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No. 226 - Mission operations update

No. 226 - Mission operations update

Report for Period 12 September - 9 October 2010 (week 37 - week 40)The reporting period, covering four weeks of Venus Express mission operations, was devoted primarily to routine science activities. In addition, a number of preparatory activities were carried out for the next atmospheric drag experiment campaign, and two orbit control manoeuvres were performed to lower the apocentre altitude of the spacecraft's orbit.

The mission's next atmospheric drag experiment (ADE) campaign (#4) starts on 14 October and will be covered in the next reporting period. During that campaign the Venus Express spacecraft will be used again to probe the density of the upper atmosphere of Venus by flying through it with an asymmetric configuration of the solar panels.  The resulting small torque on the spacecraft around the pericentre passes will be determined, and from it the atmospheric density can be derived.

Determining the torque is done by analysing the telemetry from the reaction wheels, which accumulate momentum as they continuously counteract the torque to maintain the spacecraft's attitude.  Starting already on 20 September (DOY 263), additional telemetry from the reaction wheels, at a higher sampling rate of 8 Hz, is acquired daily during several minutes around each pericentre passage.

This method to derive the atmospheric density was introduced earlier this year and successfully tested and employed during previous ADE campaigns.  See the status reports no. 218 and no. 220 for more details.

Pre-ADE experiments
During the reporting period the pericentre altitude of Venus Express has been steadily decreasing, from about 185 km down to about 167 km.  Throughout the ADE campaign later this month, the pericentre altitude will be about 165 km, which is the lowest altitude reached by Venus Express to date. In preparation of the campaign, three pre-ADE experiments were performed during the reporting period on 14 and 22 September and 2 October.  The experiments were performed around the pericentre, flying with an asymmetric solar wing configuration.  The three pericentre passes were on the dayside of Venus and at an altitude of 186.4 km, 178.2 km and 169.9 km, respectively.  A review of the three experiments was held on 6 October to identify possible changes to the forthcoming ADE campaign.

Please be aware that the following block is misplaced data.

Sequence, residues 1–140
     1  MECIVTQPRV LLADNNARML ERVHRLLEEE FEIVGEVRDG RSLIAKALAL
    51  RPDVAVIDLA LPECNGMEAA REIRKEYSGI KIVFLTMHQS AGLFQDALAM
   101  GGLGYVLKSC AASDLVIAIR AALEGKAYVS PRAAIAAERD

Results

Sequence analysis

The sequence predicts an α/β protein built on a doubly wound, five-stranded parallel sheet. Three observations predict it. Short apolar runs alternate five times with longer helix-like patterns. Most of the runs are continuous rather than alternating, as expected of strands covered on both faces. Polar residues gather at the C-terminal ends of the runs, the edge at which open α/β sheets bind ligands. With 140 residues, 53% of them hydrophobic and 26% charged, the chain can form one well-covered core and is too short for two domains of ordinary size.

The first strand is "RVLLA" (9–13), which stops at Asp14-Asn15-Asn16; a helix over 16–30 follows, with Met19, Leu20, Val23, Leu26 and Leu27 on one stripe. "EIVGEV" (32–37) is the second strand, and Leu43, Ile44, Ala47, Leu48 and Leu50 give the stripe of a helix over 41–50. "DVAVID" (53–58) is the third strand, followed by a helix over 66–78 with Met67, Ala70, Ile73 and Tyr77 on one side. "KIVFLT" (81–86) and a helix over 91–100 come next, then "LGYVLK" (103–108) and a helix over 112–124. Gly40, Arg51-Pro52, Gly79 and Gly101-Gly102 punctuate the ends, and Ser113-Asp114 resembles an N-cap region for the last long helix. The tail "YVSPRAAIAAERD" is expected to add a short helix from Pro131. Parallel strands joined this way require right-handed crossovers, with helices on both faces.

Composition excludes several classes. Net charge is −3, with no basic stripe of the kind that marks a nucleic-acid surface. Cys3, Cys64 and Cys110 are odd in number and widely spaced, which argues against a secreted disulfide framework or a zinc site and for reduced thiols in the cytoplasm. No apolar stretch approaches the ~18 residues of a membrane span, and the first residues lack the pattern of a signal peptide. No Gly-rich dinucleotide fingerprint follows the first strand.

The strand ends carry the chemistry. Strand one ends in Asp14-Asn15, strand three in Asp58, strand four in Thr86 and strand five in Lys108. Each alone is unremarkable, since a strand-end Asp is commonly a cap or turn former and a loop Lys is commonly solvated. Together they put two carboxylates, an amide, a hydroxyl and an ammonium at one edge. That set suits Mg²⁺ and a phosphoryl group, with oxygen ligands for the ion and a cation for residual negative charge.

Delta differential one-way ranging
Delta differential one-way ranging (DDOR) was performed twice in the reporting period, on 12 September and 4 October, using two ground stations to simultaneously track the spacecraft.  These measurements are performed regularly to support the accurate determination of the ephemeris for the planet Venus that is maintained by NASA's Solar System Dynamics Group.

The DDOR measurement principle uses a technique to determine - with high accuracy - the position of a transmitter in space and relies on observing the time delay between reception of the signal from the transmitter by two ground stations at different positions on Earth.  In this case, the Venus Express spacecraft was the transmitter and the two ground stations were New Norcia in western Australia and Cebreros in Avila, Spain.

Orbit change manoeuvres
Two orbit change manoeuvres (OCMs) were performed on 12 September and 3 October.  Both were retrograde manoeuvres performed at pericentre, to lower the apocentre altitude, which is about 66 000 km.  For the first OCM, on 12 September, the manoeuvre had a nominal magnitude of 0.539 metres per seconds, and was carried out to lower the apocentre altitude by 101 kilometres and decrease the orbital period by 165 seconds.

The calibration within the orbit determination showed a slight over-performance of 0.52% (+2.8 millimetres per second) with a 1-sigma uncertainty of 0.02% (0.1 millimetres per second).  The apocentre altitude was decreased by 0.46 kilometres more than planned and the orbital period was decreased by 0.75 seconds more than planned.